TechCrunch reports that Outbox, the digitizer of snail mail, just raised a $5MM Series A investment round. When you sign up for Outbox, for $4.99/month, they swing by your house three times a week, pick up all your mail, scan it and send it off to you. If it is a package, they deliver it to your door. It is in early Beta in two cities, but undoubtedly a good part of that $5MM is for expanding coverage.
Another mail digitizing company has been around for a good several years, EarthClassMail. I use them for my business mail, they are quite good, used to be a bit slow but have sped up in the last two years, although they have gotten quite pricey.
These two services take diametrically opposed approaches to digitizing mail. Outbox is clearly after personal mail. I am sure that, over time, if they are successful, they will target small businesses (large business already have mailrooms, usually managed by large service providers such as Pitney-Bowes, which offer scanning services), but the primary target is clearly residential. EarthClassMail supports individuals, but their primary targets are businesses and business-like individuals, e.g. expats who spend a lot of time overseas. Unsurprisingly, their prices are higher, and they support additional business services like check deposit.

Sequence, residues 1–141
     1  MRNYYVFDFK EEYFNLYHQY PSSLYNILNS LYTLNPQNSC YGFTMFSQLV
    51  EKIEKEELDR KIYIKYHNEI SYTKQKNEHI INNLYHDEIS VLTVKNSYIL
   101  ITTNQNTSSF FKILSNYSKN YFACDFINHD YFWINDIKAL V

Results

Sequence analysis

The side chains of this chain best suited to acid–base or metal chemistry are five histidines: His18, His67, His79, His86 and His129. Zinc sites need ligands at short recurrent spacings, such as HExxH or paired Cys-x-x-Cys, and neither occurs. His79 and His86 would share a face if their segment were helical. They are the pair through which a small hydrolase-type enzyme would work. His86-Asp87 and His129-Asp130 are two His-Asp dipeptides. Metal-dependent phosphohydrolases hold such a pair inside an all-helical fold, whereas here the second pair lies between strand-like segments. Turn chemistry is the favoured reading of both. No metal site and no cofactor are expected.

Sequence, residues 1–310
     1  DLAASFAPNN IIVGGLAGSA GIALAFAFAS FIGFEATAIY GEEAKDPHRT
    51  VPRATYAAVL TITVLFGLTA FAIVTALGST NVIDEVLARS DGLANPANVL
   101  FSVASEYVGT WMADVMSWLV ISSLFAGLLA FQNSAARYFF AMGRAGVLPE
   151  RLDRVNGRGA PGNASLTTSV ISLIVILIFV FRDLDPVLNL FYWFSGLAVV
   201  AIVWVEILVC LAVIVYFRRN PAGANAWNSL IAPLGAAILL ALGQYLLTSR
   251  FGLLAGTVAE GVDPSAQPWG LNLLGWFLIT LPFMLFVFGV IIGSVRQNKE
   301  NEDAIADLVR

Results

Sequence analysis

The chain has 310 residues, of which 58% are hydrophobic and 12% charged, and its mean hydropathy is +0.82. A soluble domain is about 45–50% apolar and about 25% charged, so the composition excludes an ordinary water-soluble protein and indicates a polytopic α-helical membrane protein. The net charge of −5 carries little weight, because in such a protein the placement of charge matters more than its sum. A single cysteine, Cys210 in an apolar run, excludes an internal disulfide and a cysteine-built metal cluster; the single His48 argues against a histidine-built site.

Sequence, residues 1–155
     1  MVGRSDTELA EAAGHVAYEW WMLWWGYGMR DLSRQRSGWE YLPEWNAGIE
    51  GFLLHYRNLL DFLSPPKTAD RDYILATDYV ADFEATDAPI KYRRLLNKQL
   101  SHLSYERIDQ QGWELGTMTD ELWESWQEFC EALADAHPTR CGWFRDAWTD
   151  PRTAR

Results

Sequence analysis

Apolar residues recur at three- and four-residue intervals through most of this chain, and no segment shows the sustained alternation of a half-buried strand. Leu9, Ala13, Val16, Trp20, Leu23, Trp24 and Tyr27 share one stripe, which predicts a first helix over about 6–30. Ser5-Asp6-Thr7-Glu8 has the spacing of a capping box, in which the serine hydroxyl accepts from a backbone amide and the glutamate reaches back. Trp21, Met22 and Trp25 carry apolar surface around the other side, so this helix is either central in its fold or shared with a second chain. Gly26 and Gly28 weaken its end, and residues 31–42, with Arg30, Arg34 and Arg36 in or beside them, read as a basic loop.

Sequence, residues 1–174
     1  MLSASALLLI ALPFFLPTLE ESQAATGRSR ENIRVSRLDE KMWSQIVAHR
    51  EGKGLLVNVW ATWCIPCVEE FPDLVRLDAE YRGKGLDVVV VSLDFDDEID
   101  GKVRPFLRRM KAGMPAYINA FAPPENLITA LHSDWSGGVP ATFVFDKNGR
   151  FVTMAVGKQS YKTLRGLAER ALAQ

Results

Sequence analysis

Outbox scans your mail three times a week, which is pretty impressive at $4.99/month, unless they get significant density in a particular block of streets. If I were advising them, one of the key metrics I would be after is the density target: how many customers per square mile do I need to get in order to be profitable. I hope their CEO and founders know it. EarthClassMail, on the other hand, waits for your mail to come in, and so will scan it any business day of the week. They also have a crucial metric, but it is straight volume: how many customers do they need per address? They don’t care about where you actually physically are, since all the mail comes to them.
One company says, “use us as your virtual address, and your real address becomes irrelevant.” In technology parlance, you add them as an alias, a layer of indirection, so that no one needs to actually reach you at your real address and you can change it at will. This is the basis of the entire DNS system that lets you type in blog.atomicinc.com instead of the unwieldy (and forgettable) 126.96.36.199. The other company says, “that works for technology, where the address has near zero cost to change, is impossible to remember, and changes very frequently; it is less relevant in the world of mail, where moves are expensive, one address is as easy to remember as the other, and changes very infrequently.”
The interesting part of both businesses is their attempt to capitalize on transitions. Every day, less and less gets sent by snail mail and more and more by email or other electronic means. The US Postal Service reports that total first-class mail volume has dropped by more than 30% in the last decade. Some things will always be sent physical, but postal mail, for most items that need to be read (as opposed to physically handled, like gifts or DVDs), is in a long decline. Nonetheless, both EarthClassMail and Outbox see an opportunity to capitalize on the transition.